Poll: Porn-watching, net-savvy kids are a myth

veti Silver badge
Paris Hilton

What "myths" are being dispelled here?

So... one-third of kids, by their own report, can circumvent the restrictions that their parents think they've applied to their internet use?

One-*third*?

And 9% have met up IRL with someone they first met online? NINE FREAKIN' PERCENT?

I don't quite see that putting "only" in front of these numbers makes them small.

Ten years after the Twin Towers: What's the Reg angle?

veti Silver badge
FAIL

Not much has changed

I had occasion to put this "Internet-as-primary-news-delivery-mechanism" idea to the test back in February, with the Christchurch earthquake.

My conclusion was - for all you can talk about faster responses, larger reporting populations and improved infrastructure - when a big story breaks, so does the web.

About an hour after the story first broke I was fed up with trying to access meaningful news from the usual sources, and tried Twitter. Lots of tweets coming out of the stricken area, surely? Well, no. Most of them were from people watching news - on TV.

Decisive victory to Old Media, I thought. And I'm convinced that if Al-Qaeda had managed to pull off something big on the anniversary, the same thing would have happened again.

‘We save trips to the library’ – Google

veti Silver badge

Lies, damned lies and statistics

260MWh per year for a service (utility) the size of Google sounds suspiciously modest to me. The UK as a whole consumes around 5MWh per person per year, so Google's consumption is approximately the equivalent of a very small village.

Surely Google does save at least that much power in reduced trips to the library. But I wonder what people do with the time they save? Plan road trips and holidays, maybe...

Cyber crime now bigger than the drugs trade

veti Silver badge
Boffin

The smell test

A million victims a day?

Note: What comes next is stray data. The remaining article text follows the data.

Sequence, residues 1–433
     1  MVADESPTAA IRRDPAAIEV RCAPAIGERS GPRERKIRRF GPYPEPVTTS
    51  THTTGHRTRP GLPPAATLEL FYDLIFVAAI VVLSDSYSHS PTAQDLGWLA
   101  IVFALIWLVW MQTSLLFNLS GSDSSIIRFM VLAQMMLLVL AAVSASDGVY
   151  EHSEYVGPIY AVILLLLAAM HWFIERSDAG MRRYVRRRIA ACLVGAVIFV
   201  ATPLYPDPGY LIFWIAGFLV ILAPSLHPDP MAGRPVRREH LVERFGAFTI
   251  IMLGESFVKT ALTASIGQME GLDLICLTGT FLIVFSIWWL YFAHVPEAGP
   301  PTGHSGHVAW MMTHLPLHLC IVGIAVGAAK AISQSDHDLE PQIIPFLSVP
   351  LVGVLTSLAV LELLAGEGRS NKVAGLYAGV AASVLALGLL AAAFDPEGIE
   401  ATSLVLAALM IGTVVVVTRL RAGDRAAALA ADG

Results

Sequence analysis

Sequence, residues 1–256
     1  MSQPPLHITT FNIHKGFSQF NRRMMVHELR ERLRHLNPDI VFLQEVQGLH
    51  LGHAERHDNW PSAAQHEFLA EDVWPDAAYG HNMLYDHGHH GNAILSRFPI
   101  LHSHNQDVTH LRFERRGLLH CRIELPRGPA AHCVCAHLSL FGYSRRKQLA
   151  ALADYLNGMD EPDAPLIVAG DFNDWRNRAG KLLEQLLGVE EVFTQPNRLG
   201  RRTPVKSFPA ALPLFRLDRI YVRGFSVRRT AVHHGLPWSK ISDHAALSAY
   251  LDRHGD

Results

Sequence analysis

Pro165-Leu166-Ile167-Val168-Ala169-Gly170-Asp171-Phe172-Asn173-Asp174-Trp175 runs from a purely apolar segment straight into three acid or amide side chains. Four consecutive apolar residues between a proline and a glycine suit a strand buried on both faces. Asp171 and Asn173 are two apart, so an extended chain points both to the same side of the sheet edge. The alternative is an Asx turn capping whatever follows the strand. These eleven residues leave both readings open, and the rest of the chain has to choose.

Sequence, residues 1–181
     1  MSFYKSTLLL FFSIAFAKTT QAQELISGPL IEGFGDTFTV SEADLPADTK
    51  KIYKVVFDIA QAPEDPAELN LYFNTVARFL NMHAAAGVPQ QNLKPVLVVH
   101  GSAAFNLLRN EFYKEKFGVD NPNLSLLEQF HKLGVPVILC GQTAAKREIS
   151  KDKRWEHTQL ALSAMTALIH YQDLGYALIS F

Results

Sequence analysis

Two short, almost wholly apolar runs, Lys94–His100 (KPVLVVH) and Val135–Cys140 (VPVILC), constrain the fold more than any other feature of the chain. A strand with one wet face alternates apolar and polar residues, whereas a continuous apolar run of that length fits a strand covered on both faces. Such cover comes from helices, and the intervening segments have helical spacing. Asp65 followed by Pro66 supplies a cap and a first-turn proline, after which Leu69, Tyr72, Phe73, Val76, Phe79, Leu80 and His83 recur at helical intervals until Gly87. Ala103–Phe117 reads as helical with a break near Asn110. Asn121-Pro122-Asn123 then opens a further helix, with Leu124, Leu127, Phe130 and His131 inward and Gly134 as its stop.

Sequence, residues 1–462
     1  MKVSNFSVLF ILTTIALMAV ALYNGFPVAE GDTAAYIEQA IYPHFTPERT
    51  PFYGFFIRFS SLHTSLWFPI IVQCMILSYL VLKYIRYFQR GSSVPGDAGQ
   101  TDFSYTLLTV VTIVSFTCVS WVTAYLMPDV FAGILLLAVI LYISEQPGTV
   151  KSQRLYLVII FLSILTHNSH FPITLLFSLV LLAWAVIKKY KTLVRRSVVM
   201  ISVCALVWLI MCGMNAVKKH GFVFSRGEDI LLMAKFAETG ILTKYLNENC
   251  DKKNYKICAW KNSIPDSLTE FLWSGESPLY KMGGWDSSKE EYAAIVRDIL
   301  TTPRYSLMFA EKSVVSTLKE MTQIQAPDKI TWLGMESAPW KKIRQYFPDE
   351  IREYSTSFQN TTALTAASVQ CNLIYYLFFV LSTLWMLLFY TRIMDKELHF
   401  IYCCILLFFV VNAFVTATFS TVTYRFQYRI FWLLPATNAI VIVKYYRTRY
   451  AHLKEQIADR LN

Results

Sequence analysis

Okay, there are, give or take, 7 billion people in the world. Let's suppose half of these have Internet access. Then your chance of being scammed online, per year, is (365/3500 = about 10.5%).

So in the past five years, almost 50% of the people around you should have been victims of "cybercrime". Does that sound plausible?

Well, maybe if you stretch the definition a bit. If marginally misrepresenting something on eBay counts as "cybercrime", or if visiting a website that's been defaced by vandals makes you a "victim", then I could maybe believe that statistic. So what will Norton sell me to protect me from these outrages?

Yeah, right.

Christ appears in phone advert, secular authorities act

veti Silver badge
WTF?

OK, I don't like iPhones either, but...

I seem to have missed the Apple ad featuring Jesus, or any other religious figure for that matter.

(Unless the Jobs counts as a prophet, in which case they'd only be offending their own religion.)

Green energy and jobs will cripple the UK economy

veti Silver badge
Pirate

Step 3 missing

Unfortunately, developing new tech is not like studying to be a doctor. Specifically, you *don't* get to charge exorbitant rents for the rest of your life to anyone else in the world who wants/needs to use what you've developed.

How many times have we seen it? Country A develops technology, Country B continues on its merry way until the mistakes have been discovered and the wrinkles smoothed out, then Country B grabs whatever bits of the technology look best, makes its own improvements, and gains all the benefits for a fraction of the cost. America did it with telephones, Japan did it with cars, Korea with electronics.

It's not necessarily a bad thing. All those examples have made us all better off. But it means that the assumption that there is some kind of positive benefit in the long term needs to be much more closely examined.

Spamhaus victorious after 5-year fight with mass mailer

veti Silver badge
Trollface

Separate cases

That's how the American legal system works.

If someone takes action to stop you from testing your explosive rockets on the public highway, you sue them for interfering with your business. The fact that you've killed 47 people to date is neither here nor there, that's a separate matter between you and the state, but *this* case is about some busybody interfering with your divinely guaranteed right to the pursuit of profit.

The underlying idea is that if someone brings a case like this against you, you bring a countersuit against them for, I dunno, excessive noise or something. The end effect, as designed, is that the maximum possible number of lawyers get employed for the maximum possible amount of time.

Windows 8 ribbon entangles Microsoft

veti Silver badge
Flame

Let's be fair?

The ribbon *is* THAT bad, however bad THAT is.